Our ability to meet CQUIN targets set by NHS England and NHS Improvement is one of many factors commissioners consider when deciding to use our services. CQUIN is short for Commissioning for Quality and Innovation and is a measure used to encourage evidence-based good practice and innovation. The 2019 CQUIN target is ‘Managing a Healthy Weight in Adult Medium and Low Secure Services’.
Lack of knowledge of physical health concerns and resources to address them, as well as challenges to accessing health promotion and physical health services are widely recognised as key factors in health inequalities for people with learning difficulties and mental health issues, notably in inpatient services.
Given that the above description encompasses our entire patient population, the need to ensure this is a focus for us is clear. Whilst managing a healthy weight is only one element of the care we provide, its link with co-morbidity indicators emphasise the need for this to be an area worthy of greater scrutiny and focus.
Cedar House Hospital already has in place both a Sports Development Leader and a Health Promotion Nurse but the CQUIN target has given us renewed impetus to focus on this area. Patients already have individual health plans, menu choices, food suggestions and enhanced physical activity choices but we realise that there is always more that we can do.
The CQUIN targets break down what is required into four distinct areas:
- Food and Nutrition
- Physical Activity
- Treatment Interventions (including medication)
- Workforce (skills, knowledge and confidence)
Food and Nutrition
All of our food is prepared and cooked on-site by our catering team and our Executive Chef and Food Safety Manager works closely with our patient-inclusive catering committee. The catering committee is made up of patient representatives, ward staff, one of the ward managers and the catering team to collect and provide feedback from our patients about the food on offer. The committee also taste test and approve new food types and meals that the catering team are considering.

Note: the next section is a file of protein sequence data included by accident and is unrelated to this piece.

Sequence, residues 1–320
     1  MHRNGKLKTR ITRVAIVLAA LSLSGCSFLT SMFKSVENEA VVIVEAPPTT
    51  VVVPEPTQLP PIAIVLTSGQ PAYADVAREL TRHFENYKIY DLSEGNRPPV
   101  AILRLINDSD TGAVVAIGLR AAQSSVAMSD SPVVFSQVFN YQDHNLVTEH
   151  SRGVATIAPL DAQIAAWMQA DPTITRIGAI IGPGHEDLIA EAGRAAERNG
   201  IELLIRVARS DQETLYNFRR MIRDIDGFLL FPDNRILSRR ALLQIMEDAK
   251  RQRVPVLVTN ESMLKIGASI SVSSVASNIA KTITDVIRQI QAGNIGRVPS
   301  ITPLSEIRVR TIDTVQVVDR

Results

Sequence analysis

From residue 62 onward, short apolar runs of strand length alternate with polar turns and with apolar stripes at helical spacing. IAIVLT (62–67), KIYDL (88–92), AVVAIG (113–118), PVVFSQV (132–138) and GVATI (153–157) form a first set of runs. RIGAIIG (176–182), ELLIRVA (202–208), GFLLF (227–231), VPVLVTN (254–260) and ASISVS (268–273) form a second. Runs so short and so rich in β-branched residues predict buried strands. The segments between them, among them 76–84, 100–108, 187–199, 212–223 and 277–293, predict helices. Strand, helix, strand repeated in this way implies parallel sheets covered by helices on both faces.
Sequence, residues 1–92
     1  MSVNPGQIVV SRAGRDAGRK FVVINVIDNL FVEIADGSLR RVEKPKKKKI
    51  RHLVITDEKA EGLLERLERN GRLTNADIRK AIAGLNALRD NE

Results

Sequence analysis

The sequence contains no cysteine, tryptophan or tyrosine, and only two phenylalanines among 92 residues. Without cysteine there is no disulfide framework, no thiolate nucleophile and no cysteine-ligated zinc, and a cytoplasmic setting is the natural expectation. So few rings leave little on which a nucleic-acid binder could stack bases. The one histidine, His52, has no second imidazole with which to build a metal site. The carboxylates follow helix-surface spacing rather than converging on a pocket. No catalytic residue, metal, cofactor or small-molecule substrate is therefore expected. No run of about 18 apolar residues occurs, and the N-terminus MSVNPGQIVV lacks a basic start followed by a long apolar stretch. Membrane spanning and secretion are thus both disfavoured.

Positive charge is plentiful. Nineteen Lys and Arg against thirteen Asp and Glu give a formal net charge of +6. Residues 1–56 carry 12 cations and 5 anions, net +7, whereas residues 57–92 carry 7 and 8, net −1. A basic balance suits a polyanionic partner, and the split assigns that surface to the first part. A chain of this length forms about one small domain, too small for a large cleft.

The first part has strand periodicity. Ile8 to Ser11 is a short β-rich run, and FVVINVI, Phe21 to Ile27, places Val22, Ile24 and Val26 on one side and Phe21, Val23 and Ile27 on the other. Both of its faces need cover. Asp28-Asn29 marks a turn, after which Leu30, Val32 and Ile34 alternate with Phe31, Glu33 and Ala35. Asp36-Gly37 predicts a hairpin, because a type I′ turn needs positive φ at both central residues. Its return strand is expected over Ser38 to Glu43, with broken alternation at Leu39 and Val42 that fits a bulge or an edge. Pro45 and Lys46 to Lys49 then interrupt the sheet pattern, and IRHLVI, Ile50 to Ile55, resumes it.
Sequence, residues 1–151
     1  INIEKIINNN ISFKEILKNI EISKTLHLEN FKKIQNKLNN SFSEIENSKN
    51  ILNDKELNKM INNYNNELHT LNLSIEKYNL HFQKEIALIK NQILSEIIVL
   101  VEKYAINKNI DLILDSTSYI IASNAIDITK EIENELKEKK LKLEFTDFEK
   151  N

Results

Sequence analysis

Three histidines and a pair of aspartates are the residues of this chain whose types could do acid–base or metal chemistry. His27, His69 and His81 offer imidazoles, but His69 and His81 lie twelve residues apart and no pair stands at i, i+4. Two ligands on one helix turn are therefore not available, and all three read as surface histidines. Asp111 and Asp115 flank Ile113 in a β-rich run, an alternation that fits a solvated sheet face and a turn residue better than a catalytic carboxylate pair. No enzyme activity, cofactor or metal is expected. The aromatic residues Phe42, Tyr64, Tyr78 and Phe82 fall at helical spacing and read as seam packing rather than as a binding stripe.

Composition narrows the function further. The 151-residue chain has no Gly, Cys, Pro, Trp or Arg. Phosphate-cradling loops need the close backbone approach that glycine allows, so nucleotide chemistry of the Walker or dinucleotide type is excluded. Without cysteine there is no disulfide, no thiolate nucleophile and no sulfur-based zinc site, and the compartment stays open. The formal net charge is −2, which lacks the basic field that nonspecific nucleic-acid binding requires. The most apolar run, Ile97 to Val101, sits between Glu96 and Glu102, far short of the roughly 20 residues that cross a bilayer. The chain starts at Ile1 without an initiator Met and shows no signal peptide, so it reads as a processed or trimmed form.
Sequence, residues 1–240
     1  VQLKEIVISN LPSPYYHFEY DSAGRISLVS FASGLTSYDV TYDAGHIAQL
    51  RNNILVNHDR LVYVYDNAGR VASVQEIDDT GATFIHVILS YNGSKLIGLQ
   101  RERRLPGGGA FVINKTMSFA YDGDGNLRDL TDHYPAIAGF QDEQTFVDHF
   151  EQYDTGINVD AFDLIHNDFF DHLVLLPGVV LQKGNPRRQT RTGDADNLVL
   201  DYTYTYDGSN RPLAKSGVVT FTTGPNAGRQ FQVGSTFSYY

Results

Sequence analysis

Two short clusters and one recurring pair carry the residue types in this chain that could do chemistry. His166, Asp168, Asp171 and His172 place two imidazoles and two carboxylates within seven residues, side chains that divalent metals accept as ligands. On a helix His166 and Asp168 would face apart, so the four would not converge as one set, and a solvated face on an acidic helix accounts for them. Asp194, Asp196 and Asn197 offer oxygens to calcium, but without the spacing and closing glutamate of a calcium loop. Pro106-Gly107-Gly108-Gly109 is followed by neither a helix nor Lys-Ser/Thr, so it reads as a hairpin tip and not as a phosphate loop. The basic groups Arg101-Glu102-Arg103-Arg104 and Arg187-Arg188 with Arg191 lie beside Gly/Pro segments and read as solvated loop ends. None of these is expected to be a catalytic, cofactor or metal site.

The team are supported by a community dietitian who visits regularly to provide advice to individual patients and their supporting staff team. Patients at Cedar House are always encouraged to make healthy menu choices and to make this easier, healthy options on the menus are highlighted. Additionally, patients with a known weight condition receive extra support and advice from our team when making menu choices.
With the CQUIN target in mind, the catering team suggested switching to wholemeal rice and pasta so the catering committee organised a tasting session for patients, who all agreed that it was just as good as white versions. We now serve only wholemeal rice and pasta and plans are underway to see what other areas of the menu can be entirely switched to only include healthy choices. Changes will be made only with full approval by our patients and gradually over the course of the year.
Our full-time Sports Development Practitioner offers a range of group and individual sports and exercise sessions that are available to all of our patients. Patients can take part in weekly sessions for football, basketball, dance, gym or exercise classes. Where patients have a particular interest in a specific area of sport, our Sports Development Practitioner works with them to obtain ASDAN sports qualifications.